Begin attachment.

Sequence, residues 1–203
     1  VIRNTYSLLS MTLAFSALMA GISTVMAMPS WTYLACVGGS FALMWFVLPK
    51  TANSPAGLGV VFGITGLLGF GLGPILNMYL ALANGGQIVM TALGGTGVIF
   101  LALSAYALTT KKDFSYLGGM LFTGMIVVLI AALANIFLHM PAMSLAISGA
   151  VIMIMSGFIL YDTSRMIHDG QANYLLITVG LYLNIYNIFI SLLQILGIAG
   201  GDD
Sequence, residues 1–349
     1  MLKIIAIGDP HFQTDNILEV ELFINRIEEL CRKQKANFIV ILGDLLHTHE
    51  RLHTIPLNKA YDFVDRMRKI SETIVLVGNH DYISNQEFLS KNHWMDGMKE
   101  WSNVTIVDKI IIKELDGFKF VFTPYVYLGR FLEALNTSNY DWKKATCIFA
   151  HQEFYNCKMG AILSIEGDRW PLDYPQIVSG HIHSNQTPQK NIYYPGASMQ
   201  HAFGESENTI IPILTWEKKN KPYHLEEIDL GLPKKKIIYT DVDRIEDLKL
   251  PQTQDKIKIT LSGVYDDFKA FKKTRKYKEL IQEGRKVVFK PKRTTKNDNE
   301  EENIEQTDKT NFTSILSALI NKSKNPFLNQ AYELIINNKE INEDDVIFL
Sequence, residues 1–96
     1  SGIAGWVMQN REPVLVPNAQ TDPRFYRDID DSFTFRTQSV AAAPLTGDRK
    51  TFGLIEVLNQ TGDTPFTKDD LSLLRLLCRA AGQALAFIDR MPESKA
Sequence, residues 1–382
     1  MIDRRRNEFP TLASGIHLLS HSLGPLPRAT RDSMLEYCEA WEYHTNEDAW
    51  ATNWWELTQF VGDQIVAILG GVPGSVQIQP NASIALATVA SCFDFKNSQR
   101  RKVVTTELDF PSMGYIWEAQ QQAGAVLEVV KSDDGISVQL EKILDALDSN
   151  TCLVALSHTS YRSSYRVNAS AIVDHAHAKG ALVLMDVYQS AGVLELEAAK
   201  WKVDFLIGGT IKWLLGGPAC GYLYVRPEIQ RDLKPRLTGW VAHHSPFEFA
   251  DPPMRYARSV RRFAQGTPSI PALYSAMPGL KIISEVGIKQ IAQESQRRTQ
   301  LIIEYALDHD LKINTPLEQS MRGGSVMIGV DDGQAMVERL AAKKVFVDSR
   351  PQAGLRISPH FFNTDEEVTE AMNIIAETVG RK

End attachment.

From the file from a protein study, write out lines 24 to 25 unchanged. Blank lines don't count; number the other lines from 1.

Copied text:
   251  DPPMRYARSV RRFAQGTPSI PALYSAMPGL KIISEVGIKQ IAQESQRRTQ
   301  LIIEYALDHD LKINTPLEQS MRGGSVMIGV DDGQAMVERL AAKKVFVDSR